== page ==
As Georgia schools and other businesses respond to open and operate safely in the face of the COVID-19 Pandemic, many are posting warning signs consistent with a new law in the state passed to protect them from liability.
Georgia-based Business and Healthcare Law Firm
This summer, Georgia joined many other states in passing a law to protect businesses including healthcare facilities and workers from liability from lawsuits brought by individuals or their survivors related to infections from or exposure to COVID-19 in visiting the premises of or obtaining healthcare services or personal protective equipment from those facilities, entities or individuals. Senate Bill 359, signed by the Governor on August 5, 2020 provides that no healthcare facility or provider, entity or individual shall be liable for damages in an action involving a “COVID-19 liability claim” unless the claimant proves the actions of the healthcare facility, entity or individual resulted from gross negligence, willful and wanton misconduct, reckless or intentional infliction of harm.
The law defines “COVID-19 liability claim” as a cause of action for the following:
(A) transmission, infection, exposure, or potential exposure of COVID-19 to a claimant: (i) at any healthcare facility or on the premises of any entity, individual, or healthcare provider, resulting in injury to or death of a claimant; or (ii) caused by actions of any healthcare provider or individual resulting in injury to or death of a claimant;
(B) acts or omissions by a healthcare facility or healthcare provider in arranging for or providing healthcare services or medical care to the claimant resulting in injury or death of the claimant for COVID-19 or where the response to COVID-19 reasonably interfered with the arranging for or the providing of healthcare services or medical care at issue to the claimant; or
(C) manufacturing, labeling, donating, or distributing personal protective equipment or sanitizer that is directly related to providing such personal protective equipment or sanitizer to claimant by any entity during a public health state of emergency for COVID-19, which departs from the normal manufacturing, labeling, donating, or distributing personal protective equipment of such entity that proximately results in injury to or death of a claimant.
A business “entity” protected by the law includes any association, institution, corporation, company, trust, limited liability company, partnership, religious or educational organization, political subdivision, county, municipality, other governmental office or governmental body, department, division, bureau, volunteer organization; including trustees, partners, limited partners, managers, officers, directors, employees, contractors, independent contractors, vendors, officials, and agents thereof, as well as any other organization other than a healthcare facility.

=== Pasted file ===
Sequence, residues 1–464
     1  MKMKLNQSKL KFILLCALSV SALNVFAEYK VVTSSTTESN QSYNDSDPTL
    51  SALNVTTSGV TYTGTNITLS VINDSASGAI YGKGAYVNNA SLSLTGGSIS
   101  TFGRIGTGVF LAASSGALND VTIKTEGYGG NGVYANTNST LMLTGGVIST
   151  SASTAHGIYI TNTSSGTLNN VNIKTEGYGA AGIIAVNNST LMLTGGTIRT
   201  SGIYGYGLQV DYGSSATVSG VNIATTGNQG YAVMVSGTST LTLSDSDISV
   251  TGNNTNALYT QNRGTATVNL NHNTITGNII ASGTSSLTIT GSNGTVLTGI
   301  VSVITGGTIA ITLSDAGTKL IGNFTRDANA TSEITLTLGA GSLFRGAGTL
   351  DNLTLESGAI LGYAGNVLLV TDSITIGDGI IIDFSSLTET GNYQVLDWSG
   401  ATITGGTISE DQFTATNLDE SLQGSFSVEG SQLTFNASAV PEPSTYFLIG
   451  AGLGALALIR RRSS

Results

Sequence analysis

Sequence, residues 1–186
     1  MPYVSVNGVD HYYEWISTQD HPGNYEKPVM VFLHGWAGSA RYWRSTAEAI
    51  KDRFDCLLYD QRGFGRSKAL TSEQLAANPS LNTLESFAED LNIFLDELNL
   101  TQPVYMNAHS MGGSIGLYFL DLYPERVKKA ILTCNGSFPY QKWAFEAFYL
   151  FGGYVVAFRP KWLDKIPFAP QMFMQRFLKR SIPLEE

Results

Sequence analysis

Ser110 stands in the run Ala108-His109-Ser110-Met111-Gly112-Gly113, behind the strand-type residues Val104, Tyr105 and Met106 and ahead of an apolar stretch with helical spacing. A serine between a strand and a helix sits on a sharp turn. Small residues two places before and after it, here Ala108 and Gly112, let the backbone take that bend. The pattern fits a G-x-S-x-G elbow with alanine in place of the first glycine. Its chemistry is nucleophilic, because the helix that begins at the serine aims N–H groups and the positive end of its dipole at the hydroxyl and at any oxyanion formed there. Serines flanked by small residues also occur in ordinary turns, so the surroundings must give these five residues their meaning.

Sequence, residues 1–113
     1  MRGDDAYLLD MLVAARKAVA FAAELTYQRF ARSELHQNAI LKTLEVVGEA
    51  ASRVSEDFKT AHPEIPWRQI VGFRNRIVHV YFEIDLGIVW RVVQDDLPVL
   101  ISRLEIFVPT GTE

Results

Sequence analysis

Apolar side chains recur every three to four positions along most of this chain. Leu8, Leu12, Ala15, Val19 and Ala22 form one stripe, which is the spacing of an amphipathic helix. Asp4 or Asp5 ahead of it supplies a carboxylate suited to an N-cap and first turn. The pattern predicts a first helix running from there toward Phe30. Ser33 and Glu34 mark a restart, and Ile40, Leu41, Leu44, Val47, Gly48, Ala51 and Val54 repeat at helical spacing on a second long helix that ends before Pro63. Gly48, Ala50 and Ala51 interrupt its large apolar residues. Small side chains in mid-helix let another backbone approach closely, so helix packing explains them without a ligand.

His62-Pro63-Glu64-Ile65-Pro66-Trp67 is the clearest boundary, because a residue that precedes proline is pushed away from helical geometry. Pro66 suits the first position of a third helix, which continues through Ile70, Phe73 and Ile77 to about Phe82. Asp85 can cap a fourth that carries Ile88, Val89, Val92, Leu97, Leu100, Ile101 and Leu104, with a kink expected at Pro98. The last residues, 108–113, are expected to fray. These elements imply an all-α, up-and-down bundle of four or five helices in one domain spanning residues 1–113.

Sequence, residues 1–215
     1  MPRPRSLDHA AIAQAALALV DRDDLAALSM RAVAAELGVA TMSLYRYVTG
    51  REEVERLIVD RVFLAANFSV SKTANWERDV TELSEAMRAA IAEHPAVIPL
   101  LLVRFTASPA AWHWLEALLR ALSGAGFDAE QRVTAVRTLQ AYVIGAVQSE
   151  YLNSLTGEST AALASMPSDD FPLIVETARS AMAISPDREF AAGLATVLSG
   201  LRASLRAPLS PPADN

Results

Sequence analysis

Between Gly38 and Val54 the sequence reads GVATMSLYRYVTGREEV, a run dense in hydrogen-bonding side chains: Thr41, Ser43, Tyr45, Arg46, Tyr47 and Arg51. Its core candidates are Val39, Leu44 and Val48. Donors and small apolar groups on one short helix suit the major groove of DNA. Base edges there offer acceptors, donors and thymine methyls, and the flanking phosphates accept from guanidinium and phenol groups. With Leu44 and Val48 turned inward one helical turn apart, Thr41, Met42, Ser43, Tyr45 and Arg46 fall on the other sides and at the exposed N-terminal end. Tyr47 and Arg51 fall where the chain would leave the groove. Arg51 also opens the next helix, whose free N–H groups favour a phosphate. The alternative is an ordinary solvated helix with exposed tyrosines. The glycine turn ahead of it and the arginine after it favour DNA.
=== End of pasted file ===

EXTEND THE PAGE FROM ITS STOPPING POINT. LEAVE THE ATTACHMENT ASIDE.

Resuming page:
The law provides that there is a rebuttable presumption of risk by a claimant in the following circumstances: (1) any receipt or proof of purchase for entry, including but not limited to an electronic or paper ticket or wristband, issued to a claimant by the individual or entity for entry or attendance, includes a statement in at least ten-point Arial font placed apart from any other text, stating the following warning: “Any person entering the premises waives all civil liability against this premises owner and operator for any injuries caused by the inherent risk associated with contracting COVID-19 at public gatherings, except for gross negligence, willful and wanton misconduct, reckless infliction of harm, or intentional infliction of harm, by the individual or entity of the premises.”; or (2) an individual or entity of the premises has posted at a point of entry, if present, to the premises, a sign in at least one-inch Arial font placed apart from any other text, a written warning stating the following:
“Warning. Under Georgia law, there is no liability for an injury or death of an individual entering these premises if such injury or death results from the inherent risks of contracting COVID-19. You are assuming this risk by entering these premises.”
Our Georgia and South Carolina healthcare law firm represents and advises healthcare systems, hospitals, physician provider groups, medical practices and individual healthcare providers concerning federal, state and local legal, compliance and regulatory matters. If you have questions about this post, contact us at (404) 685-1662 (Atlanta) or (706) 722-7886 (Augusta), or by email, email@example.com. You may learn more about our law firm by visiting www.hamillittle.com.
** Disclaimer: Thoughts shared here do not constitute legal advice. Please consult with an attorney to discuss your legal issue.